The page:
Page 2 of 3 - As a registered dietitian for Coventry, it is Bindus’ job to not only to meet new requirements, but meet his goal to serve foods (fruits and vegetables) that students will not just take, but will also eat.
    "While there is always going to be issues with plate waste,” Bindus wrote, “we (school food service) are charged with being creative with offerings that will decrease waste.”
    To encourage children to take – and eat – fresh fruits, Coventry has offered items such as fresh sliced apples with caramel dip, strawberries with a small dollop of whipped topping, sliced bananas with drizzled chocolate or applesauce flavored with a small amount of strawberry Jell-O powder.
    "Though we might be adding a little bit of sugar to our fresh fruit, it is not much,” Bindus wrote, “and the trade off is that students not only take these items, they actually eat them as well.”
    Schools find it trickier to "disguise" the healthiness in vegetables.
    Low-fat ranch dip encourages children to eat raw carrots. Bindus has discovered that students like fresh romaine side salads and cucumbers with dip.
    "We interject items like fresh steamed broccoli and old favorites like green beans and buttered corn into the menu as well,” Bindus wrote.
    Springfield, meanwhile, was surprised to find that kids liked broccoli.
    "We add just a little cheese and they like it," said Gerrie Wood cafeteria manager for Young Elementary School.
    Children in the Springfield district also have an affinity for spinach salads and carrots with low-fat dip. They aren’t fond of beets, but they do love rice.
    For many schools, the greatest challenge comes with offering legumes.
    Well, offering the legumes is the easy part. Getting students to take and eat the offerings can be tough.
    That’s where creativity comes in.
    Homemade BBQ baked beans, refried beans with cheese and Crunchy Cinnamon Chickpeas (chickpeas that are roasted till crunchy, sprayed with a canola-based butter spray and tossed with cinnamon sugar) are among the more popular legumes for Coventry kids.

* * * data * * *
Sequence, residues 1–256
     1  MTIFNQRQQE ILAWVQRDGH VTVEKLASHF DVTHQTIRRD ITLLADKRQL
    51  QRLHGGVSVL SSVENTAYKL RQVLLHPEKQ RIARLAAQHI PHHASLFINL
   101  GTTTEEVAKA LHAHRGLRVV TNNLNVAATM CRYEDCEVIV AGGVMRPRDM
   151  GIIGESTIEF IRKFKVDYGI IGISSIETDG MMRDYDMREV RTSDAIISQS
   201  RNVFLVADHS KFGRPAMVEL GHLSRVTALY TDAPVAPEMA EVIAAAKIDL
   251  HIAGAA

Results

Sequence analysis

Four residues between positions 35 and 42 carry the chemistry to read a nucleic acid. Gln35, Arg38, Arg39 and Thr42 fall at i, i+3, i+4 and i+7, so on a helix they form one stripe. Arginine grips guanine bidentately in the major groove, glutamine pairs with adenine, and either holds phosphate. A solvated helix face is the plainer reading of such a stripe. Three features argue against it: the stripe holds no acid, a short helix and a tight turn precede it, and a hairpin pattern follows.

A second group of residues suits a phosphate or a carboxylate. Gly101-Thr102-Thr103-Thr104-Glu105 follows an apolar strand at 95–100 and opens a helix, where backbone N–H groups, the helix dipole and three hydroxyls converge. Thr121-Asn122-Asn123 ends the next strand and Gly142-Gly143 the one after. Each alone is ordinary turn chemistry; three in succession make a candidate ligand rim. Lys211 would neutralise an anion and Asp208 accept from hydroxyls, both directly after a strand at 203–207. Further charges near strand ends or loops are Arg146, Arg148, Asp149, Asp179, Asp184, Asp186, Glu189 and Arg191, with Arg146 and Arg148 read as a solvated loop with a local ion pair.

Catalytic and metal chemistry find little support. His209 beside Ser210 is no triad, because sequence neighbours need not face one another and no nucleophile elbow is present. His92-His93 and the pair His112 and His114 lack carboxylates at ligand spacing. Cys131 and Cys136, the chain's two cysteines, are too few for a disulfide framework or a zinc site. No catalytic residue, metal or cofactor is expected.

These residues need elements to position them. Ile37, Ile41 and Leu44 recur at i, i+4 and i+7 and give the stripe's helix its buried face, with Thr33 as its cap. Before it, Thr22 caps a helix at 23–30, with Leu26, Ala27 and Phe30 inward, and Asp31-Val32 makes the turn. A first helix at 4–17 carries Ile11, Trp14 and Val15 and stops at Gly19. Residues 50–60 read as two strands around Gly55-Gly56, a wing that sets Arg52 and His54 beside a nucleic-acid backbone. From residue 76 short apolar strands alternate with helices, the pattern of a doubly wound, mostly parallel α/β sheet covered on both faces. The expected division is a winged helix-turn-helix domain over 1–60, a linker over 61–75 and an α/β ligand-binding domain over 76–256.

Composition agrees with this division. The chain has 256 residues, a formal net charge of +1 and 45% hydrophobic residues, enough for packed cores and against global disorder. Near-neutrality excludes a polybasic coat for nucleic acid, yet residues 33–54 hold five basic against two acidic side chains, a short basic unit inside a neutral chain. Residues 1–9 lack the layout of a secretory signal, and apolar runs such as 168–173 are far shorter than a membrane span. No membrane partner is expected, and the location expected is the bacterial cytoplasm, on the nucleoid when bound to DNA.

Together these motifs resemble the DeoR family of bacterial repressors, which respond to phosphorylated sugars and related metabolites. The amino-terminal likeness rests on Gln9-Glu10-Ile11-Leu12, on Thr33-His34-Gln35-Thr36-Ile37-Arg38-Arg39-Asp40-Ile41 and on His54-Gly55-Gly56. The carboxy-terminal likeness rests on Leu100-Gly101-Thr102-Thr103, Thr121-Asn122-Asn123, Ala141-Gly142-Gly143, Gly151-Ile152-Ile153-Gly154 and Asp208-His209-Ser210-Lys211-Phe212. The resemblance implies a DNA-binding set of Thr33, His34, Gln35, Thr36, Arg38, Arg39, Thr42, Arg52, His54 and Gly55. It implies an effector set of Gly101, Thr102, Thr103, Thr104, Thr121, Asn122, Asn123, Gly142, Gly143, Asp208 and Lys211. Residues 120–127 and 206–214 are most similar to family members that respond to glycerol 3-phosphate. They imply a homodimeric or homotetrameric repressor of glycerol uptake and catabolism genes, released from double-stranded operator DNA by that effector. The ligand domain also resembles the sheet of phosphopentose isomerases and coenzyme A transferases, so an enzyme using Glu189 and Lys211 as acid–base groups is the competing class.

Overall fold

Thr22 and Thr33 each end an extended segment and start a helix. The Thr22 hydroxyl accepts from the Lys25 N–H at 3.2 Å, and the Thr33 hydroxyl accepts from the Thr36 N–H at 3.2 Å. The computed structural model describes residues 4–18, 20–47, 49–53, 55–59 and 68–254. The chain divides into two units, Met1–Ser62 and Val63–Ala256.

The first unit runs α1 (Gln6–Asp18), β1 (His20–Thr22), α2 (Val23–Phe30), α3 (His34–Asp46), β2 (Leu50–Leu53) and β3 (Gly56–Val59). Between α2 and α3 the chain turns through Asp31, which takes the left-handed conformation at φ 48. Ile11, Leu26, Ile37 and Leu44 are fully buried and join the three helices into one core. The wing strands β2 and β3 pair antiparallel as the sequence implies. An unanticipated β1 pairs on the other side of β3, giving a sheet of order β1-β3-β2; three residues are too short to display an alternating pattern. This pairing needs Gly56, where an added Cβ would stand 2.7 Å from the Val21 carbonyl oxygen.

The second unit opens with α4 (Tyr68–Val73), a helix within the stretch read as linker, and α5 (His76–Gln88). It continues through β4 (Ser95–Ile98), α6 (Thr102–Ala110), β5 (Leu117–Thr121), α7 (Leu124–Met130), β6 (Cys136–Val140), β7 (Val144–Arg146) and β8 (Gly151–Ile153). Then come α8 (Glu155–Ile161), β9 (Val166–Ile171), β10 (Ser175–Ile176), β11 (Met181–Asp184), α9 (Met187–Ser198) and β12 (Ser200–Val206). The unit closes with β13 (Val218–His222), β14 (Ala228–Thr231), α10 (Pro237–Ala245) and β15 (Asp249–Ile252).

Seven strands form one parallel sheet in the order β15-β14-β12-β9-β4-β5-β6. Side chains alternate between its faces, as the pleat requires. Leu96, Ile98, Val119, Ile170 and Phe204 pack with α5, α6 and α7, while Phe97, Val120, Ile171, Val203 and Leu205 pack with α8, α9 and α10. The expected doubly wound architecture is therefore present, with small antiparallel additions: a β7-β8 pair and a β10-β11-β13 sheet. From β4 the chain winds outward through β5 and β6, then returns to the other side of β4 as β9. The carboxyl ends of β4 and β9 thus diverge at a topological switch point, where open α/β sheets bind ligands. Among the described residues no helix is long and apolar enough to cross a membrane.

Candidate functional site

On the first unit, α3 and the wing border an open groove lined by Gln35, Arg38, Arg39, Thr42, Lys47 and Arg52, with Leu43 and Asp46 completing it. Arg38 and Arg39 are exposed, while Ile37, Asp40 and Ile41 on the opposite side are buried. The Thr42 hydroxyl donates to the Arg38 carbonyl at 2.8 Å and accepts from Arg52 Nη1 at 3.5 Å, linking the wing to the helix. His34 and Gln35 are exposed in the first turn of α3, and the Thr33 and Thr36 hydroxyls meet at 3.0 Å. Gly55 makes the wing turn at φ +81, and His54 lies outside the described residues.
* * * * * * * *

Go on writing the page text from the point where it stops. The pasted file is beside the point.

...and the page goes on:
"The good thing for our schools and our taxpayers is that all of our beans/legumes that we offer are low cost USDA commodity food items,” Bindus wrote. “So they are, as I would say, ‘low risk, high reward food items.’ They cost our district very little and the health benefits of these vegetables are extremely high.”
    LOSING MONEY
    Although the challenges are great, Lloyd believes that students do eat at least some of the fruits and vegetables they take.
    Still, Lloyd can’t help but be concerned about the numbers in the food service ledger. Yes, Lake’s food service program has felt the impact of the new guidelines.
    Page 3 of 3 - Last year, Lake’s lunch count dropped 22 percent – a result of what he believes are new lunch requirements.
    "This year, we're down another 5 percent,” he wrote in an email. “I have seen what students bring in their (packed) lunches and I can say that the school lunches are much more healthy than the sack lunch. So, by serving less lunches – because students do not like some of the choices – and having them pack  – which on the norm are less healthy – are we doing what's best for the students?"
    Since the food service is a self-operating business, Lake has not replaced two staff members that have left due to the decrease in lunch sales.